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"Corporations in Colorado, Texas, Louisiana, Pennsylvania and upstate New York have launched a massive program to extract natural gas through a
process that could, if it goes wrong, degrade the Delaware River watershed and the fresh water supplies that feed upstate communities, the
metropolitan cities of New York, Philadelphia, Camden and Trenton, and many others on its way to the Chesapeake Bay.
“The potential environmental consequences are extreme,” says Fritz Mayer, editor of The River Reporter in Narrowsburg, N.Y. His paper has been
following the drilling in the Upper Delaware River Valley and he told me, “It could ruin the drinking supply for 8 million people in New York
Trillions of cubic feet of natural gas are locked under the Marcellus Shale that runs from West Virginia, through Ohio, across most of Pennsylvania
and into the Southern Tier of New York state. There are other, small plates of shale, in the south and west of the United States. It takes an
estimated 3 million to 5 million gallons of water per well to drill down to the natural gas in a process called hydraulic fracturing, or fracking. The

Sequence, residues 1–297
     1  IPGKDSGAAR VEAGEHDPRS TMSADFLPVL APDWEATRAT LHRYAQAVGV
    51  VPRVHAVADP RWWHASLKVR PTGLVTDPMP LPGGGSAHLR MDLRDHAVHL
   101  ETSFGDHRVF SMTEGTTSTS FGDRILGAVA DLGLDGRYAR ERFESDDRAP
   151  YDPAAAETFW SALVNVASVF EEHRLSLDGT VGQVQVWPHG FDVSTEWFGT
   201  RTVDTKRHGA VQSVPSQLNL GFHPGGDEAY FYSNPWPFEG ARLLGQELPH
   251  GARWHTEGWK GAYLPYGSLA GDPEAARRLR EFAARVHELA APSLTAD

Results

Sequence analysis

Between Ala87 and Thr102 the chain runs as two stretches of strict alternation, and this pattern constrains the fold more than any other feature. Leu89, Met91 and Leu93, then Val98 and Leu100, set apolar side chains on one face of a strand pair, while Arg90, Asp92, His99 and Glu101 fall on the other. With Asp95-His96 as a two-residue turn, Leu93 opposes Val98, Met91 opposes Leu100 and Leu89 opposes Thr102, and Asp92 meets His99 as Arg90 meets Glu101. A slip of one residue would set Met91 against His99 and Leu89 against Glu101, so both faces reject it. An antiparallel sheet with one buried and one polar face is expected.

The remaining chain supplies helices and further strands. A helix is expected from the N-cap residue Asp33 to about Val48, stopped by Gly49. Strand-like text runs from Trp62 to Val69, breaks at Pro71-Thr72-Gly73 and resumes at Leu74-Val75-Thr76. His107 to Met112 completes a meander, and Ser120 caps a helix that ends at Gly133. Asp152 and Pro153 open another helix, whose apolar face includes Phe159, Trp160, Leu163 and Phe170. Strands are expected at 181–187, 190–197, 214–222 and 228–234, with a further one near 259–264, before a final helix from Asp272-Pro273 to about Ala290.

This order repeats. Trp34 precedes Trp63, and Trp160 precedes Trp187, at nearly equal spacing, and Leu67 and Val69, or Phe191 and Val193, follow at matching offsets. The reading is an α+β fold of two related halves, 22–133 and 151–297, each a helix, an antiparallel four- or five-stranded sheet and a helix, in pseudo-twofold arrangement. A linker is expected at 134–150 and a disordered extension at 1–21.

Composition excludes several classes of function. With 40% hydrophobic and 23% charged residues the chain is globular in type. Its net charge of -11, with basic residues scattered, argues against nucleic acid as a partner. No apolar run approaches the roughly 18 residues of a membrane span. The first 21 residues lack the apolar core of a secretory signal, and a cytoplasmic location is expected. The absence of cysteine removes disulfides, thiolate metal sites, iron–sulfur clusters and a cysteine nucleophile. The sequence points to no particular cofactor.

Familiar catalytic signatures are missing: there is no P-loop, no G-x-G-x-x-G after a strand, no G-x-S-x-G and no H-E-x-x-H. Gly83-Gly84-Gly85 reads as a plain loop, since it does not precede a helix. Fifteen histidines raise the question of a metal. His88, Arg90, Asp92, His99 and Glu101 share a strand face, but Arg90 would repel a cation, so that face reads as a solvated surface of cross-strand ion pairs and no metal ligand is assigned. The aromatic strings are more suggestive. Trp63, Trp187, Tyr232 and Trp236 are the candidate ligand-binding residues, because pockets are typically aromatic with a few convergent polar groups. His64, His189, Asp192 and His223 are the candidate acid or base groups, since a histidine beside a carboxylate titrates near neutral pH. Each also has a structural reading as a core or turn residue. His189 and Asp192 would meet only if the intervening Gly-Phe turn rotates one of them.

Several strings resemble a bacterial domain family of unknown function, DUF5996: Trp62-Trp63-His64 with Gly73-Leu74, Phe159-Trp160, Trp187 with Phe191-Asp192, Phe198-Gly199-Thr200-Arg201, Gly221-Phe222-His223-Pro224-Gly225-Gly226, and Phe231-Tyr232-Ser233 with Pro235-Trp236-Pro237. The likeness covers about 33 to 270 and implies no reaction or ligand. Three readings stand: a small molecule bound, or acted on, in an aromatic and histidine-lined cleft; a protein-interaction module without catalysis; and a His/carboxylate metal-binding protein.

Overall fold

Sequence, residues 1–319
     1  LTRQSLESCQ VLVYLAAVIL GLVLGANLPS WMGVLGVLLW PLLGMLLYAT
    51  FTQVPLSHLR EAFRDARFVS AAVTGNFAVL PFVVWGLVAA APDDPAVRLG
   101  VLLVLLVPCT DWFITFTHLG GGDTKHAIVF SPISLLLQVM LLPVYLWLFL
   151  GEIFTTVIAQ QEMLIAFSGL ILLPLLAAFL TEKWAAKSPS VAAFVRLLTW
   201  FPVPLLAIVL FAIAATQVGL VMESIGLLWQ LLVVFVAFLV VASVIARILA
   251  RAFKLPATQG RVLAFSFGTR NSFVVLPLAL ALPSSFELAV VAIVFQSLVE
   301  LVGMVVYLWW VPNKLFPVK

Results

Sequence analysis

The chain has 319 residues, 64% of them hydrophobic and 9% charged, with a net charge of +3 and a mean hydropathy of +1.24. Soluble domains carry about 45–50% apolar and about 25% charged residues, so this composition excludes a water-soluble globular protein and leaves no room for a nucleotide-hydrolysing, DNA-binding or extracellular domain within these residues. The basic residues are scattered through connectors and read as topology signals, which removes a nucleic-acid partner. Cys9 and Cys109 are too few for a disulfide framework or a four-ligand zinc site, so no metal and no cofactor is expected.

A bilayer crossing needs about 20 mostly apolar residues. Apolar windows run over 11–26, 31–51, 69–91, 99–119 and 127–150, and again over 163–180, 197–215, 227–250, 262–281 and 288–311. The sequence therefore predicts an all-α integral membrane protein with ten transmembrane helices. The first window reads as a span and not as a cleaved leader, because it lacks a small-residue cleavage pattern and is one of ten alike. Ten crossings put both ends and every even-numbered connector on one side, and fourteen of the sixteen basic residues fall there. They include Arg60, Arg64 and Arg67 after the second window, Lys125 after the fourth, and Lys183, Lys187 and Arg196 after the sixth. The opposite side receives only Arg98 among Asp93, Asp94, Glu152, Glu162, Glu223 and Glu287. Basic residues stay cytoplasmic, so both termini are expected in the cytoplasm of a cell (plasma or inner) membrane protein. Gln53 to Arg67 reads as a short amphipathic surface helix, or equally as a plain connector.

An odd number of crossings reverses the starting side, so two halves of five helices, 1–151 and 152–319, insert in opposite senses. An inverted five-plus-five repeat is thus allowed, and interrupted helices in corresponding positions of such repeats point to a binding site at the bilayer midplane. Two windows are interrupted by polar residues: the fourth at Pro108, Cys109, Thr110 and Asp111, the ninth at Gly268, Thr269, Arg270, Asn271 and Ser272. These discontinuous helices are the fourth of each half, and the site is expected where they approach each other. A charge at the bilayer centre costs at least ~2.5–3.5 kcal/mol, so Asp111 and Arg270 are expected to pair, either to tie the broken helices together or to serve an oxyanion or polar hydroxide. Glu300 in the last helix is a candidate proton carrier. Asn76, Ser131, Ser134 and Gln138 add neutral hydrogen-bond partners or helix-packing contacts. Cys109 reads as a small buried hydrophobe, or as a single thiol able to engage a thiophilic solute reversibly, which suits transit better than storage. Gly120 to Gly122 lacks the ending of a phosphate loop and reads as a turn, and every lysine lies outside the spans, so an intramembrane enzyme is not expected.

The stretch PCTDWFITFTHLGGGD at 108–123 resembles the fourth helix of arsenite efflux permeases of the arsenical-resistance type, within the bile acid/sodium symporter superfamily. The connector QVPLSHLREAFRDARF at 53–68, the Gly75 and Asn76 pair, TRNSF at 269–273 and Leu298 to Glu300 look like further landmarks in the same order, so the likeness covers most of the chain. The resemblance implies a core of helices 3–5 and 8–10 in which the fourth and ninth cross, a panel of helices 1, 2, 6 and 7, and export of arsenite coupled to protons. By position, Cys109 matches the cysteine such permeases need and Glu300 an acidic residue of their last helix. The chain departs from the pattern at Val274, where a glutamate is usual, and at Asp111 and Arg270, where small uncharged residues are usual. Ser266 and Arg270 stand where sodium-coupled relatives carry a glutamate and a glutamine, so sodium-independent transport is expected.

water is mixed with resin-coated sand and a cocktail of hazardous chemicals, including hydrochloric acid, nitrogen, biocides, surfactants, friction
reducers and benzene to facilitate the fracturing of the shale to extract the gas.
Corporations like Bechtel have been buying up water reservoirs around the globe in anticipation of future water shortages. And what they will do when
they control our water was illustrated in Bolivia a decade ago. The World Bank forced Bolivia to privatize the public water system of its
third-largest city, Cochabamba. It threatened to withhold debt relief and other development assistance if the city did not comply. Bechtel, which was
the only bidder, was granted a 40-year lease to take over Cochabamba’s water through a subsidiary called Aguas del Tunari.
“Urinetown” was visited on Cochabamba in 2000 within weeks of the privatization. Aguas del Tunari imposed massive rate hikes on local water users
of more than 50 percent, according to the Cochabamba-based Democracy Center. Families living on the local minimum wage of $60 per month were billed up
to 25 percent of their income for water. The rate hikes sparked citywide protests. The Bolivian government declared martial law in Cochabamba and
deployed thousands of soldiers and police to restore order. More than 100 people were injured in the rioting and a 17-year-old boy was killed. The
Cochabamba project was abandoned, but Bechtel and other corporations are not done. Bechtel’s control of the water supply in Guayaquil, Ecuador, a
few years later resulted in water shutoffs, contamination, and a deadly hepatitis A outbreak. Water in a world of scarcity will be very profitable.
And Bechtel is preparing for the bonanza at home and abroad. "